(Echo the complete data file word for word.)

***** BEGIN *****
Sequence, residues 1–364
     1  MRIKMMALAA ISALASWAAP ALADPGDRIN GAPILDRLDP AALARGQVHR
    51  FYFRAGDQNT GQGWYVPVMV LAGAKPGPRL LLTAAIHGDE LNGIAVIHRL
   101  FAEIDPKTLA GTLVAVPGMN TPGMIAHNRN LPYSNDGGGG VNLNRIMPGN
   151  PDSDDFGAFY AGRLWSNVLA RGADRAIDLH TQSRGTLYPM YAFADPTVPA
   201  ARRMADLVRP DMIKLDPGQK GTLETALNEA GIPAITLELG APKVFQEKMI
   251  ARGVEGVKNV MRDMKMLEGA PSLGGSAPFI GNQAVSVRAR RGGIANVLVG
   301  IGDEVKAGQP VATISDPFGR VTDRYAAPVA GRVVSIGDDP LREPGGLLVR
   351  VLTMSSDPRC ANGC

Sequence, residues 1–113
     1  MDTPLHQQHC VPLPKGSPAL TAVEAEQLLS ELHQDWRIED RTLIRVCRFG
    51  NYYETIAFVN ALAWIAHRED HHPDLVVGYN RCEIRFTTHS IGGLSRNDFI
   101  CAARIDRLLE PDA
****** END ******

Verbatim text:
Sequence, residues 1–364
     1  MRIKMMALAA ISALASWAAP ALADPGDRIN GAPILDRLDP AALARGQVHR
    51  FYFRAGDQNT GQGWYVPVMV LAGAKPGPRL LLTAAIHGDE LNGIAVIHRL
   101  FAEIDPKTLA GTLVAVPGMN TPGMIAHNRN LPYSNDGGGG VNLNRIMPGN
   151  PDSDDFGAFY AGRLWSNVLA RGADRAIDLH TQSRGTLYPM YAFADPTVPA
   201  ARRMADLVRP DMIKLDPGQK GTLETALNEA GIPAITLELG APKVFQEKMI
   251  ARGVEGVKNV MRDMKMLEGA PSLGGSAPFI GNQAVSVRAR RGGIANVLVG
   301  IGDEVKAGQP VATISDPFGR VTDRYAAPVA GRVVSIGDDP LREPGGLLVR
   351  VLTMSSDPRC ANGC

Sequence, residues 1–113
     1  MDTPLHQQHC VPLPKGSPAL TAVEAEQLLS ELHQDWRIED RTLIRVCRFG
    51  NYYETIAFVN ALAWIAHRED HHPDLVVGYN RCEIRFTTHS IGGLSRNDFI
   101  CAARIDRLLE PDA